Under the Foreigners Act, the head of the Office for Foreigners shall make an entry in the national register if the statutory grounds exist. These grounds vary, from a criminal conviction to opinions from state authorities finding that the individual is persona non grata in Poland due to “considerations of state defence or security, public safety or order, or the interests of the Republic of Poland” (Art. 435(1)(4) of the Foreigners Act). Unfortunately, the Border Guard often equate the very commencement of a criminal proceeding with the existence of a threat to security. They fail to consider that the criminal proceeding may end in discontinuance, conditional discontinuance, or acquittal. Consequently, a decision to refuse entry grounded on a finding that the person poses a threat to public policy or internal security may then serve as the basis for entering the person in the national register and at the same time in the SIS.

In turn, entry in the national register and SIS constitutes an independent ground for future denial of entry. When a traveller entered in these registers appears before a Border Guard officer, the officer will not examine the correctness of the entry, as the entry is presumed to be accurate and reliable.

Once entered, hard to correct

The head of the Office for Foreigners does not examine the accuracy of information presented to him concerning the circumstances in which an entry was made in the list. He relies on his confidence in the individual assessment made by another person, e.g. in this case the Border Guard officer who determined that the passport or visa was forged. The administrative courts regard such an individual assessment as a satisfactory and reliable element of the procedure for checking travellers (Supreme Administrative Court judgment of 27 July 2018, case no. II OSK 1930/17).

The problem is that the entry is a substantive technical act of which the traveller himself is not informed. There is no right to appeal from the entry, and thus the avenue for reviewing it is highly doubtful. If a person has information about the entry, he may apply for a certificate stating that his details do not appear in the national register, or may request correction or removal of his details. Then the head of the Office for Foreigners will issue a certificate complying with the application or an order refusing to issue a certificate with the requested content, which is appealable to the administrative court.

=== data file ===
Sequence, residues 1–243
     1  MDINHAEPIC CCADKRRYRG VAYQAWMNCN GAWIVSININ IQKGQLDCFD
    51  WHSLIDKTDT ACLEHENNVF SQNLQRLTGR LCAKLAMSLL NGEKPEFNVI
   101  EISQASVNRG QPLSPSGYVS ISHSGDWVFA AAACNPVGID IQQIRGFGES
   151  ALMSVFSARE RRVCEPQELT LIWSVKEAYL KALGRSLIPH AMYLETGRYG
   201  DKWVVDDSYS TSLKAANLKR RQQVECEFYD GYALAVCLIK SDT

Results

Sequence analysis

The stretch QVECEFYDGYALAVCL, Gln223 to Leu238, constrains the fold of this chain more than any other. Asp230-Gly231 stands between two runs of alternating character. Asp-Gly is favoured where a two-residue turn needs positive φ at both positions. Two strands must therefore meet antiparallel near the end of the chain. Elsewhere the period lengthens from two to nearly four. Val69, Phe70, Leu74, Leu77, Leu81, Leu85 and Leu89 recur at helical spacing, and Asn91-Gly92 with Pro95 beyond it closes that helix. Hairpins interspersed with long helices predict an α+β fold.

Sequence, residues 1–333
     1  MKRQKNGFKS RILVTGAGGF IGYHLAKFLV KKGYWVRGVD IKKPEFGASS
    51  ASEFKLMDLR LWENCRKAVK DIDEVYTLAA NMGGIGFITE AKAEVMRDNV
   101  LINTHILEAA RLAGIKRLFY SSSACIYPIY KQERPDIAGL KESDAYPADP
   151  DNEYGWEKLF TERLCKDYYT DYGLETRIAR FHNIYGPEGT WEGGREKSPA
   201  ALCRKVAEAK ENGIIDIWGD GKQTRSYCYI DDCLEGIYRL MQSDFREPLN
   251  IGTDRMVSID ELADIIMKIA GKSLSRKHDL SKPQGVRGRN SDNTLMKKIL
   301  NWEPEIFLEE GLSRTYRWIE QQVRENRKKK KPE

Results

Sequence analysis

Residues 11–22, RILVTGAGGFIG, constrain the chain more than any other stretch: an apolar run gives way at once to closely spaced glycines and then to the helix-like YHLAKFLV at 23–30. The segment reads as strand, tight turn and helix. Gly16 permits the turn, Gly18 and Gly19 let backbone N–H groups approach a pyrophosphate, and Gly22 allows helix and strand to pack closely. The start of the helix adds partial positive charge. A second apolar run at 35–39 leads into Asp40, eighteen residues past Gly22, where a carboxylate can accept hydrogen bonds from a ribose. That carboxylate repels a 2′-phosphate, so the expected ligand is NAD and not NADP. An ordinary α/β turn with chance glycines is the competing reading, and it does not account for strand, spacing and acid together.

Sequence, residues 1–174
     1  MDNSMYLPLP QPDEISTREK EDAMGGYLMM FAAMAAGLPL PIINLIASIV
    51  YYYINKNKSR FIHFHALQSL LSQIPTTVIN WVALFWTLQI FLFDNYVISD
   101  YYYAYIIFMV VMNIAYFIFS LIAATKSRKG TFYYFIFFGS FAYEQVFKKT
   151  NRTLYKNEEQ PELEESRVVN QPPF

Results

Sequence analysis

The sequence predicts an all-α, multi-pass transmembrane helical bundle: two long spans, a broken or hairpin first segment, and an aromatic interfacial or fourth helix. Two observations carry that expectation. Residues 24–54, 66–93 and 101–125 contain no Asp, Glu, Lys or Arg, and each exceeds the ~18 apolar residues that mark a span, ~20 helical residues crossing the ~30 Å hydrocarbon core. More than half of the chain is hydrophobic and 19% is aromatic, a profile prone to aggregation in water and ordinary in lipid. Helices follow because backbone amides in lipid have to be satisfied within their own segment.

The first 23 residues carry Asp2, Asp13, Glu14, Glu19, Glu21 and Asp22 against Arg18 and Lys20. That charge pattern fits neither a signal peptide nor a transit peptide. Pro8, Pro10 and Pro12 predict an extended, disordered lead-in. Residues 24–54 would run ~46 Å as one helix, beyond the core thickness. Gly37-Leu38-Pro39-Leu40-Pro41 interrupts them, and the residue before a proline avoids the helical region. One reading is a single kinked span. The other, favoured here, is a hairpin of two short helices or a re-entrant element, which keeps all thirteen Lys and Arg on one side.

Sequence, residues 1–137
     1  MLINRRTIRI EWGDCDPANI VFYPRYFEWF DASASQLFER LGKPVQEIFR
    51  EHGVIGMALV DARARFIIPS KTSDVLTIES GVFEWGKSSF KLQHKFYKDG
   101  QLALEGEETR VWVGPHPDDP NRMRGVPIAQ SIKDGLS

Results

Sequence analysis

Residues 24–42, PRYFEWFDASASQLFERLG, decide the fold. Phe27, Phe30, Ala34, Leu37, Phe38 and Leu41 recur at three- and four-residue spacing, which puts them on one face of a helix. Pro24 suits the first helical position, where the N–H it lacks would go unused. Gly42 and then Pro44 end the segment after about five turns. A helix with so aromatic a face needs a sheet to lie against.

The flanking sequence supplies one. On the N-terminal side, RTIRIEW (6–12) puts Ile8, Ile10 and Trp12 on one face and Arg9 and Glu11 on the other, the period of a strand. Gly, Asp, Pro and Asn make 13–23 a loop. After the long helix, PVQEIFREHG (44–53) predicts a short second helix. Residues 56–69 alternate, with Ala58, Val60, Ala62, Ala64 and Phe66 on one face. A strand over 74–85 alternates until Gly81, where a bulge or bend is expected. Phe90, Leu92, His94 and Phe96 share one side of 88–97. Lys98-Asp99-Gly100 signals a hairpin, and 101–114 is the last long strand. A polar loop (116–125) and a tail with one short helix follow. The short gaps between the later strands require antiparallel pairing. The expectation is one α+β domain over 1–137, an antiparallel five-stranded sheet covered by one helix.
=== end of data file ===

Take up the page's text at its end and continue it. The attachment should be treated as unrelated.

Another problem is that if the basis for the entry is an opinion finding that the traveller is a “dangerous person,” the head of the Office for Foreigners will not provide the traveller information on the factual basis for the entry (Art. 444(2) of the Foreigners Act). The traveller must then rely on the administrative courts to examine all of the classified evidence and fairly assess its reliability (Supreme Administrative Court judgment of 27 July 2018, case no. II OSK 1930/17). Consequently, the administrative proceedings and administrative court proceedings in these matters impose major restrictions on the traveller’s right to present his own case.

Another route: personal rights

A traveller who has been denied entry may also file suit for protection of his personal rights, including reputation as well as liberty (as the decision may result in the person being held in a temporary detention facility). Such a suit may include financial claims (for damages or compensation) and non-financial claims (e.g. to delete or correct the entry in the register). In such a proceeding, the traveller must show that his personal rights were violated, while the defendant (the head of the Office for Foreigners, or the Border Guard) must show that the violation was not unlawful. The issue of the unlawfulness of such entries has been the subject of court rulings, holding among other things that processing of personal data in these registers in and of itself carries pejorative connotations and threatens the individual’s right to be present in the territory of Poland (Warsaw Regional Court judgment of 9 January 2018, case no. I C 1227/16).

Such a suit, heard by the court in an adversarial proceeding, appears to be the most effective means. The court can fully examine the legality of the action of the head of the Office for Foreigners as well as the authorities who found that the traveller posed a threat to public policy or internal security.

Artur Pietryka, adwokat, Angelika Bednarz, Business Crime practice, Wardyński & Partners